Finding no conspirator, my mother turns on me. ‘We have gardeners, Peter, gardeners who know how to look after the grounds properly.’

In am ruining the place, you see. It is a grand garden of some significance or other I no longer care to remember. As for the gardeners, there is Wallace, and Price and his son—they do as my father asks as he asks so little of them and it is a vast estate. Besides, Price and his son mostly work alone as Wallace is aggrieved by gout and sticks to the greenhouses most days.

‘They have enough to do, Mother,’ I say.

Frustrated, she stumps away, back to the house. Then she stops, right in front of the girl who is playing in the hedge. For a moment I think my mother sees her, perhaps hears the girl singing. Then she turns. ‘Mary will be here at six. Be civil.’

Mary is the daughter of Lady Beardsley. We were to be married. She visited me for the months I lay in the hospital. I was not kind.

As my mother’s footsteps fade I plant the last of the lavender, breathing in its warm scent.

‘What next?’ asks my father, stretching.

 He has been sitting on the steps of the folly for a good while, spending time with me before he joins Mary and my Mother on the trek to Lady Beardsley’s estate. He does not wish to go, but he is resigned to attending Mary’s engagement party. He is fond of her. They are bound by the memories of visits to see me when I first returned.

What next? The question hangs there, but my father is good at waiting.

‘Roses,’ I answer. I do not know why, though roses will do. I suppose it is because the garden must be filled with fragrance, anything to mask the stench. It followed me home you see. I cannot rid myself of it.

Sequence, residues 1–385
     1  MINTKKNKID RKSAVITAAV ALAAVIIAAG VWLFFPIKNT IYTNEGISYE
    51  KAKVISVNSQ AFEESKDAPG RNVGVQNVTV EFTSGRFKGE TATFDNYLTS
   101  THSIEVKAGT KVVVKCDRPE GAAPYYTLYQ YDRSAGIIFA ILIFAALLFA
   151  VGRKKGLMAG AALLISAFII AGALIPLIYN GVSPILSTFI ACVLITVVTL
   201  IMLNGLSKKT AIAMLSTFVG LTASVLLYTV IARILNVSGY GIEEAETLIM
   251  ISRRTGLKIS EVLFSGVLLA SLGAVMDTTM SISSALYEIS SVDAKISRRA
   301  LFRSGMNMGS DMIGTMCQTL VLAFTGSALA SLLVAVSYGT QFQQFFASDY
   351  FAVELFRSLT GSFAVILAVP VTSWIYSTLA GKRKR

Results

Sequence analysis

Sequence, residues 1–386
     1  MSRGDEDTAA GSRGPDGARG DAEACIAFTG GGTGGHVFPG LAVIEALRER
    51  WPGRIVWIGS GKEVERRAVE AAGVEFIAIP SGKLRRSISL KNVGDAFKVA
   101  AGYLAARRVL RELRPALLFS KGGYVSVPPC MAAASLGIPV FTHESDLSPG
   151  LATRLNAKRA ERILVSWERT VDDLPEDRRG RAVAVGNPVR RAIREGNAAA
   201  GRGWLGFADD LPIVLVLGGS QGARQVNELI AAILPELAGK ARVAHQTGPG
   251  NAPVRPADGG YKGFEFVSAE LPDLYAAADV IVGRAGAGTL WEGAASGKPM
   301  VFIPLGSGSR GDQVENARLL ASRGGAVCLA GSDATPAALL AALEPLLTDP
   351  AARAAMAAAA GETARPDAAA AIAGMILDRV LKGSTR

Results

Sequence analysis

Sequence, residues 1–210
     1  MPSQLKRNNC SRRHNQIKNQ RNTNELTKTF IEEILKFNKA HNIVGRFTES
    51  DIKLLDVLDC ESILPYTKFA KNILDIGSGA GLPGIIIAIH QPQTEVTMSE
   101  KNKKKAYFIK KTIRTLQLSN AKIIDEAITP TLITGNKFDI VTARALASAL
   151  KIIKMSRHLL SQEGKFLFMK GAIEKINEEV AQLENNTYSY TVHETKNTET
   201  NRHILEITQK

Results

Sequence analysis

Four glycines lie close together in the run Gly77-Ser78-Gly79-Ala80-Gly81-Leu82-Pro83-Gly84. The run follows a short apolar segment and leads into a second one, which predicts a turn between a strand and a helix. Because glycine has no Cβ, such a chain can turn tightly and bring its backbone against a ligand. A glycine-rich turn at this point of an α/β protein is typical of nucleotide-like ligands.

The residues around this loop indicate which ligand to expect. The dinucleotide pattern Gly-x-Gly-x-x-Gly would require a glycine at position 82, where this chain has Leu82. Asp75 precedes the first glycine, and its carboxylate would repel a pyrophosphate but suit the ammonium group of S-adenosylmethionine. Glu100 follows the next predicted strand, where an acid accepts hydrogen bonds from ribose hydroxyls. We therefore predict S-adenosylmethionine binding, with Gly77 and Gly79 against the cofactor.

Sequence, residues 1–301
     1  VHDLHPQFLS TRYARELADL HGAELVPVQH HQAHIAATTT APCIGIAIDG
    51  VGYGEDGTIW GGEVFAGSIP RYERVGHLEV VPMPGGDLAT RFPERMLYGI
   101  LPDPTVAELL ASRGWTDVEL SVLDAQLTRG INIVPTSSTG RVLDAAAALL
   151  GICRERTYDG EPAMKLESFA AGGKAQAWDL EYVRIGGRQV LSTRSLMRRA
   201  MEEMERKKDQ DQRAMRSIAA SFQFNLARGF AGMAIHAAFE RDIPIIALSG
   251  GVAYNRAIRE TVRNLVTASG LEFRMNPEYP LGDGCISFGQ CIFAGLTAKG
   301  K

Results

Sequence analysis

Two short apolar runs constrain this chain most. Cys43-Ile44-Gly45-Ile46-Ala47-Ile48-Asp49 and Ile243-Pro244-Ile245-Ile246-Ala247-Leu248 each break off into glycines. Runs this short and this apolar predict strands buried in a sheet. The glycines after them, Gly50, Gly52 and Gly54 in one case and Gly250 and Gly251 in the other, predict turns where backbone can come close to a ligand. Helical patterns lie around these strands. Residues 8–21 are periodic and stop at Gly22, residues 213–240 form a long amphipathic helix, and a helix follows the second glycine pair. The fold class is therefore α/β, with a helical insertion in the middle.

Father nods, gathers his things, and heads back to the house. He will talk to Price about the roses.

I watch him go. He takes the long way back to the house, down behind the folly. Anything to avoid my mother’s ire for a little longer.  But, while Mother rages, at least she rages, how else is she to let out the grief. Father stays silent, believing that fresh air and long walks will heal everything, in time.

None of this is the fault of the child you understand, she is blameless. They grieve for the son they have lost. I am not who I was. I am no longer the young rugby captain, the carefree young son of a lord, the son they parade at parties. Parties. My mother takes my medals in place of me these days. I won them. Won them. As if medals are prizes to be won. I cannot look at them.

I stand, brush the worst of the dirt from my hands and grab some sticks and twine from the wheelbarrow Price has given me. I work away, having marked out the next few garden beds before I realise the girl has been singing that old nursery rhyme about the roses, the one where they all fall down. She looks pleased as she leaves the hedge and runs around the lavender beds, arms stretched out as if she is flying. The singing grows louder, stranger—like others have joined in from afar. Then she is gone.


My dreams are filled with nursery rhymes, stretched thin by distant voices. I wake. First light plays across my bedroom windows. I throw on my clothes and head to the shed. The shed is the gardeners’ realm and I the most rancorous pest.